Right now the vast majority of us are in self isolation and social distancing ourselves from others. But just because you can’t leave your house and visit a museum, gallery or class, doesn’t mean that you can’t get your culture on!
In fact, the cultural world is at your fingertips and you can access it all from your sofa. Learn a new skill, uncover archives and explore the worlds best museums. How? Well to get you started we’ve popped together 5 of the best ways to get your cultural fix right now
1.Build your own museum
Yes. You read that right. Your own museum.
Art Steps is a really easy to use app (it’s free for those wondering) that not only allows you to create your own museum but also to explore other self made galleries from around the world.
I stumbled across the app about a year ago when I used it to create an online museum of my work for a job interview (why yes I am that extra, thank you for asking) and I’ve been hooked ever since.
It’s kind of like if museum nerdom and sandbox gaming had a baby. What I’m saying is the possibilities are endless.
You can create anything you want. An exhibition you’ve always dreamt of, a retrospective you missed (or let’s be real, one you saw but kind of knew could be better). Hell, you could even create an online museum for a loved one. Stuffed full of their favourite artwork or goodies from a much thumbed through era, all for them to enjoy from the comfort of their sofa. The perfect pandemic gift.
2.Google Arts and Culture
Look I know it might seem obvious, but I swear, Google Arts and Culture is so severely underrated it is ridiculous.
From street view tours of the worlds most incredible museum galleries, to exploring endless retrospectives of different work and diving into high res art work. You could spend the whole isolation period on this site and still never get bored. Seriously there are over 500 art institutions to digitally walk around – and that’s just the art galleries!
But the real jewel in the Google Arts and Culture crown has to be it’s archives collections.
Many were created to tie in with a major anniversary of history week and contain the highlights of museum digitised archives and collections from across the world, along with specially made videos.
It’s an ideal way to really delve into a subject matter and not only read about it, but really get hands on (admittedly through a screen, but still, it’s bloody fantastic!)
Here are some of my favourite collections:
- Black Cultural Archives
- Road to Equality (100 years of suffrage)
- Commemorating Stonewall
- The fall of the Iron Curtain
- Women in India, their unheard stories
3.Delve into the archives
Speaking of archives, one of the many (many) great things the internet has given us is access to archives from across the globe. Now admittedly you used to have to order most archive resources but that’s not the case now.
This is 2020 and you better bet your bottom dollar that top quality shit is digitised.
If you’ve never tried out accessing archive records, now is a great time to learn how. After you’ve used Google Arts and Culture to get a feel of how to use archived resources, check out The National Archives and start searching for whatever takes your fancy.
They have over 32 million records from 1000 years of history, with some of that digitised (or described).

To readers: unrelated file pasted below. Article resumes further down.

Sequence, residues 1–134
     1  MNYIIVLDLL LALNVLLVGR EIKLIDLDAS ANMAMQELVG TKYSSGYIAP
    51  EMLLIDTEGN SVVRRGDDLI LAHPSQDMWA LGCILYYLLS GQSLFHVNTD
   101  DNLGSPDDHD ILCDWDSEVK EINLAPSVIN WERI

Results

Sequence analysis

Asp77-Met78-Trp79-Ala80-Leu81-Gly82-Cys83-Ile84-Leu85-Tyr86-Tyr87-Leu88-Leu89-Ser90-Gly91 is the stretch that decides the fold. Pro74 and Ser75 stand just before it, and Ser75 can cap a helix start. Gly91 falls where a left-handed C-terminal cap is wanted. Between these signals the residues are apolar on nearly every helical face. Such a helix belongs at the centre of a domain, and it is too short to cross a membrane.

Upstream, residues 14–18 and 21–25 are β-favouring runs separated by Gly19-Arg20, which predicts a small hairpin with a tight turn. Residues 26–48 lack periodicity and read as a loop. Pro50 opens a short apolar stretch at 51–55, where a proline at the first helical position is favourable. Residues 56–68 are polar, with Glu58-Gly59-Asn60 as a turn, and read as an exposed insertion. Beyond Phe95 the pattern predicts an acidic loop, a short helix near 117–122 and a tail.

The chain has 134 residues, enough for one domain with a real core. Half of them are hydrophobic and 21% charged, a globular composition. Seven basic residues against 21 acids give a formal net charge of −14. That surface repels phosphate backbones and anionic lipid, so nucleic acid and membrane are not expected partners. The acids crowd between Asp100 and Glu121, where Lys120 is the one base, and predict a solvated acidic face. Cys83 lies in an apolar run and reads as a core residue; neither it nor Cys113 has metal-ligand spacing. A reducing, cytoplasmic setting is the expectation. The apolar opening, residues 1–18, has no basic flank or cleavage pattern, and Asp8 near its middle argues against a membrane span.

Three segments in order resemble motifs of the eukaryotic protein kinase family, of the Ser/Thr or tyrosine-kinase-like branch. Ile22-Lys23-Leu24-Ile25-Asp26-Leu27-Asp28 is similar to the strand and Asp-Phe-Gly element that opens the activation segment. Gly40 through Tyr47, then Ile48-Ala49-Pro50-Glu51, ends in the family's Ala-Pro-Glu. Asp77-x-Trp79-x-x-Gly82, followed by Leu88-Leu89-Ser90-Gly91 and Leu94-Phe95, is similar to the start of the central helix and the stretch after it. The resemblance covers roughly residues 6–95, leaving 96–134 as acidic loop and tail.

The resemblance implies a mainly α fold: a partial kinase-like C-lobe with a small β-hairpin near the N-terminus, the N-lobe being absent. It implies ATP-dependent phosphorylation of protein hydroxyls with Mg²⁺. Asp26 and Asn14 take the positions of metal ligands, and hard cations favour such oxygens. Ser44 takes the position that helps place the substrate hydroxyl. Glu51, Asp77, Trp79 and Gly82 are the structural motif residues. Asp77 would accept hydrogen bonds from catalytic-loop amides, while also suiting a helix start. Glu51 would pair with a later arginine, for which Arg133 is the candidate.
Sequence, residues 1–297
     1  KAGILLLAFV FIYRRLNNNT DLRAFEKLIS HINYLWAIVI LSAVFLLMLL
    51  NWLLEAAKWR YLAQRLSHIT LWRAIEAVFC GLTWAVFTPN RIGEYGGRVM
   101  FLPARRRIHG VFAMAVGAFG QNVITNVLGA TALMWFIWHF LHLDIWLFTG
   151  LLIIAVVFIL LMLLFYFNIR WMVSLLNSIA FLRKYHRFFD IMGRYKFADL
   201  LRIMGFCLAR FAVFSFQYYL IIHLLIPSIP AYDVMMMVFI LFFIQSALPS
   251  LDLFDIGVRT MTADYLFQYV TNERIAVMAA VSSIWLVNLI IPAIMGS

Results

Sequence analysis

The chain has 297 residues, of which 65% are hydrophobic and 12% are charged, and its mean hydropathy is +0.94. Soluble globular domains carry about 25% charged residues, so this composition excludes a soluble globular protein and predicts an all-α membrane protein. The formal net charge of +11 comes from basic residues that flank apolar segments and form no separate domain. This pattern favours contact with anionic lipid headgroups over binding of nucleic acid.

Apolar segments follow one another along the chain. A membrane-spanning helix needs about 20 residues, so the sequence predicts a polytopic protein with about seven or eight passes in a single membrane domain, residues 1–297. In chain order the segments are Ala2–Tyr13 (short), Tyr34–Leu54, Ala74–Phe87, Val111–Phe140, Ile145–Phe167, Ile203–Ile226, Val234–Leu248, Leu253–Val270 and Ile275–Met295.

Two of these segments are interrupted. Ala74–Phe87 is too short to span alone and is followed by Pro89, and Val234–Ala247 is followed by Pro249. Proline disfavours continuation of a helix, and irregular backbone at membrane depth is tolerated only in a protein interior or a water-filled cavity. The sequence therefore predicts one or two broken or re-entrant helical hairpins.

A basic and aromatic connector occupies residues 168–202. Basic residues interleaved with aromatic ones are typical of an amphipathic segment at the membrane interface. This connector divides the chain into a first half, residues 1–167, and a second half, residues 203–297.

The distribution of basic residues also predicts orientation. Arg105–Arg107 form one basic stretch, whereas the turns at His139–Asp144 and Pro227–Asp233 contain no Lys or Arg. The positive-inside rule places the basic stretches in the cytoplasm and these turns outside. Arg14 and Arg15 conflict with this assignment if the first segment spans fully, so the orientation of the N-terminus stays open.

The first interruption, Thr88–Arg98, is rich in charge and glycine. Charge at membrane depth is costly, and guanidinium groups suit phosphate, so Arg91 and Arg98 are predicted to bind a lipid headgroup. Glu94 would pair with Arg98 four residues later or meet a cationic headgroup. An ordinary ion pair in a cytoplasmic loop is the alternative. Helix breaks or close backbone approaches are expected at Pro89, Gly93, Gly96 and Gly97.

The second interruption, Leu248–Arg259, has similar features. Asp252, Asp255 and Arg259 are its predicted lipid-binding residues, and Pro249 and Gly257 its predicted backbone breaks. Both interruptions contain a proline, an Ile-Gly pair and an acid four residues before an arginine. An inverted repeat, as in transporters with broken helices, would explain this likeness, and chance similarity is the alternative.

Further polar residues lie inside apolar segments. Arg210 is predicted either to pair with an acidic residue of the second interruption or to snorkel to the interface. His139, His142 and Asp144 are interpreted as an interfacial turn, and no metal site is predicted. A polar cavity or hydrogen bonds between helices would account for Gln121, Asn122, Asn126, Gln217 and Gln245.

You could test out archive digging by searching for your family history, an area of local history you’ve always been interested in or something more broad, like passenger lists from The Titanic or military records.
4.Visit your local library at home
Most libraries are now shut, but you can still borrow e-books, audio books and sometimes even magazines from the comfort of your sofa.
All you need to do is pop in your library card details and as if by magic you can download all the literary gems you might like to your phone or tablet.
Plus it’s all for free!
Now, as with any library, there aren’t infinite amount of books, so there may be a waiting list for what you initially want, but it’s also a great chance to explore types of books that you might not normally read.
Because as the old adage goes:
Everyday is school day, even when the schools are closed and even when you haven’t been to school in like…er, actually lets not get into how long it’s been since I graduated.
One of the best ways to spend isolation has got to be by learning a new skill or immersing yourself into an era of history you’ve always wanted to know more about.
My personal favourite place for online courses is Future Learn, which has some amazing free courses (as well as many that you need to pay for access to)
They’re put together by leading academics and universities, so there can be no quibbles over their quality. I’ve done their Tudor History course, which I can definitely recommend (it takes place over six weeks with five hours a weeks work). Oh and they even have a course on Covid-19, so you can become an expert and dispel all that BS you find on WhatsApp and Facebook.
The Open University also has over 1000 free courses that you can choose from. With a ton of amazing introductory history courses, as well as some for languages. Courses vary in length from one hour all the way up to thirty. So you can find something to fit whatever free time you have right now.
Plus the courses give you a certificate at the end, which is a handy way for you to show off all that new knowledge you’ve learnt.
I don’t know about you but I’m really excited to put all this into action, escape my sofa and explore a world of knowledge.